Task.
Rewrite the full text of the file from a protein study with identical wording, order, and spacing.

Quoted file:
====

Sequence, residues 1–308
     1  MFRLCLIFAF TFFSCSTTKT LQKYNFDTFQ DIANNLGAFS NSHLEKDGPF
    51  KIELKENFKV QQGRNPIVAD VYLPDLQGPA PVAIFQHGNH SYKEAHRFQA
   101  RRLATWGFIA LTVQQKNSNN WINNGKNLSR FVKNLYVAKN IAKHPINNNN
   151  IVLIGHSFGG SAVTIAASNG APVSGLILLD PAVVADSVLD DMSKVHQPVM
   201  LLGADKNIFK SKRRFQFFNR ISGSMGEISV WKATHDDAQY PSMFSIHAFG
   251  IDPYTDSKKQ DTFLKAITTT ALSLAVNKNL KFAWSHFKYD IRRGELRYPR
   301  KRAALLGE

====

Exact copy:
Sequence, residues 1–308
     1  MFRLCLIFAF TFFSCSTTKT LQKYNFDTFQ DIANNLGAFS NSHLEKDGPF
    51  KIELKENFKV QQGRNPIVAD VYLPDLQGPA PVAIFQHGNH SYKEAHRFQA
   101  RRLATWGFIA LTVQQKNSNN WINNGKNLSR FVKNLYVAKN IAKHPINNNN
   151  IVLIGHSFGG SAVTIAASNG APVSGLILLD PAVVADSVLD DMSKVHQPVM
   201  LLGADKNIFK SKRRFQFFNR ISGSMGEISV WKATHDDAQY PSMFSIHAFG
   251  IDPYTDSKKQ DTFLKAITTT ALSLAVNKNL KFAWSHFKYD IRRGELRYPR
   301  KRAALLGE